Jasmine's Day One On the Outside

It's been a little more than 24-hours since Jasmine Hartin was released on bail from the Belize Central Prison.

And since then questions have abounded about Belize's most famous manslaughter suspect and how she's settling back into life on the outside.

Tonight Cherisse Halsall takes a look at those first 24 hours and we ask questions of our own about Hartin's bail, the conditions of that bail, and why the DPP chose manslaughter over murder:

The next chapter of Jasmine Hartin's life under the glare of public scrutiny has begun and it started yesterday afternoon when she left the Hattieville prison under an improvised shroud amidst the din of clicking camera shutters and the shout of a reporter, the first she's heard but certainly not the last.

From there she was whisked off presumably to San Ignacio where her attorney has indicated to police, she will remain while she is out on bail.

But she has to check into the police station every day.

And that started at 7:00 this morning where she checked in at the same police station where her friend turned victim Henry Jemmott was formerly the officer commanding.

The irony of this is magnified by the fact that Hartin is now resident in the same town that Jemmott called home.

Of course, we know that Hartin and Jemmott's friendship had some resonance in the west where on May 21st he is believed to have saved her from an uncomfortable or threatening situation at a party in Belmopan. Jemmott drove a reported 50 miles to go and pick her up where one of his friends says she was highly intoxicated and that he found her staggering out into the street.

That rescue ended here at the San Pedro Belize Express where he dropped her off a few minutes to 6:00. He's seen asking an employee entering the terminal what time is the first boat. She walks in to take a seat, and according to eyewitnesses cries inconsolably for over an hour.

What caused the crying? There are many theories but no one can say for sure.

And while the country makes guesses about the missing pieces of the puzzle in the case of Jasmine and Jemmott, another question on the mind of every Belizean is that charge of Manslaughter.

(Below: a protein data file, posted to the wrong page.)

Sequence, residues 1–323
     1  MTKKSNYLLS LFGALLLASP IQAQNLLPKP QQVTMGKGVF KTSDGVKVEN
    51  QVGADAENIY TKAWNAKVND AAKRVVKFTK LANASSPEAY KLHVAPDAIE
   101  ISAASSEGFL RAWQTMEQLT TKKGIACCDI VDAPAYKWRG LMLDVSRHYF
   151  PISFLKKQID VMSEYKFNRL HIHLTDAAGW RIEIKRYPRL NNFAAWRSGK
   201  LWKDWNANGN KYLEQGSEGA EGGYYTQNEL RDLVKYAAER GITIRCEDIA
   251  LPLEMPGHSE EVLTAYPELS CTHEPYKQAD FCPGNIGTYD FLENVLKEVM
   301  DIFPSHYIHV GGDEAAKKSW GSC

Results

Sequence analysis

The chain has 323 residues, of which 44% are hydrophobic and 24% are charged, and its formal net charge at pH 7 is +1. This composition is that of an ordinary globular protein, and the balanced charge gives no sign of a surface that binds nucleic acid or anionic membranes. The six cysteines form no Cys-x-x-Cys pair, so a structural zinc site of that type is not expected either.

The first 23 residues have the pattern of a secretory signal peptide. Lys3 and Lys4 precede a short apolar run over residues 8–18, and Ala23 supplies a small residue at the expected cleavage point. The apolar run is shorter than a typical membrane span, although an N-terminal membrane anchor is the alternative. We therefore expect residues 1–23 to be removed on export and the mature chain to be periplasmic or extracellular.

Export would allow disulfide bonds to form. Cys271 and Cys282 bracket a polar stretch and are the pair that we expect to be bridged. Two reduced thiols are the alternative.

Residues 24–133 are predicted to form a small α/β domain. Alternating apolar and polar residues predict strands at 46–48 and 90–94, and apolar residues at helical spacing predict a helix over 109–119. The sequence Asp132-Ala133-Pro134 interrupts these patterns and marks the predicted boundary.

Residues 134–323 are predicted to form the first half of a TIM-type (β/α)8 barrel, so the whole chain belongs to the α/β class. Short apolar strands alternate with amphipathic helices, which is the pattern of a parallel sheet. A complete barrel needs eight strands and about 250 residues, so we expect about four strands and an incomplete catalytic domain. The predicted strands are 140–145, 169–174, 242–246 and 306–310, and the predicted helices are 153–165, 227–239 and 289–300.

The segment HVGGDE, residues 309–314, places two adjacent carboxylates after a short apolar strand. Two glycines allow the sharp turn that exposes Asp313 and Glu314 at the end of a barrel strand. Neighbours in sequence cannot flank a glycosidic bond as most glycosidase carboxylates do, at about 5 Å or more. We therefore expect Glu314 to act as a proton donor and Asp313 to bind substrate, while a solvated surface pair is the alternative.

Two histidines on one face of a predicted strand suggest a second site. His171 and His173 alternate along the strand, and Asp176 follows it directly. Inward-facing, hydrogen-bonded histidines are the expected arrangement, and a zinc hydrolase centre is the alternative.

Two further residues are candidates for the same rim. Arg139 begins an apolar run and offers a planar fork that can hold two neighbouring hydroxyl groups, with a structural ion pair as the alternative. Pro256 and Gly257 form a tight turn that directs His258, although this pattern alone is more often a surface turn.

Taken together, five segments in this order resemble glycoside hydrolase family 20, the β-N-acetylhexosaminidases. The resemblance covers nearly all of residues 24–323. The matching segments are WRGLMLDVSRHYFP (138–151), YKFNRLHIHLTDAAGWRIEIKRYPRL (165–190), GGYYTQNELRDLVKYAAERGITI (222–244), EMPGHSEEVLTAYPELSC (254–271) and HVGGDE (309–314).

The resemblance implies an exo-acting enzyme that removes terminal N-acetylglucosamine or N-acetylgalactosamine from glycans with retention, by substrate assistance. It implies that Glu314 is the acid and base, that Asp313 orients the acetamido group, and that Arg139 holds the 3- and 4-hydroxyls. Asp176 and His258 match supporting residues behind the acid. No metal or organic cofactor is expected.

Was it fair? And would the average citizen to commit such a crime get the same treatment? We put that question to two attorneys, one the Minister of police and the other the former attorney general.

Hon. Kareem Musa - Minister of Home Affairs
"In a case of manslaughter by negligence, it is expected that you would get bail. I don't know of anyone who is currently behind bars for a case of manslaughter by negligence, if they apply to the supreme court they would be granted bail and of course, they look at all the factors, whether you're a flight risk and all of that, but like I said, I don't know of anybody who is currently on remand for manslaughter by negligence, it's a bailable offense."

Micheal Peyrefitte - Former Attorney General
"It would be dishonest of me not to at least say what I think in this case. I mean it's hard to from my experience, most people from who I have known to be in the system you injure somebody like that the charge is murder. So, it's a legitimate question to ask why is it in this case, the charge is not murder.

Jules Vasquez
"Suppose he had pulled the trigger "accidentally", quote, on her, do you think he would have been charged with manslaughter by negligence?"

Micheal Peyrefitte
"If he had shot her, if it had been the reverse, he would have been charged for triple murder. I mean, I mean, that's the thing it's a legitimate question."

Jules Vasquez
"So, you believe race and power are at play here?"

Micheal Peyrefitte - Former Attorney General
"Absolutely. I'm not saying that's what's at play but it is a legitimate question to ask."

As we've told you Hartin's bail was set at $30,000.00 and one surety.

The 8 conditions of that bail are: That she immediately surrender her passport and any other travel and identification documents to the Court Registrar until the conclusion of the case, That she does not leave the jurisdiction except with permission from the court via an application, That she attends each adjournment as set by the Magistrate in San Pedro until the matter is completed, that she abide by a curfew to be at her place of residence between 7 p.m. and 6 a.m. daily until the matter is disposed of.

Additionally, she is to report to the San Ignacio police station once daily between 7 a.m. and 5 pm.; she is not to engage in any conduct to hinder, impede or otherwise obstruct the investigation. Any breach of the terms of the order will result in the immediate revocation of bail.

Channel 7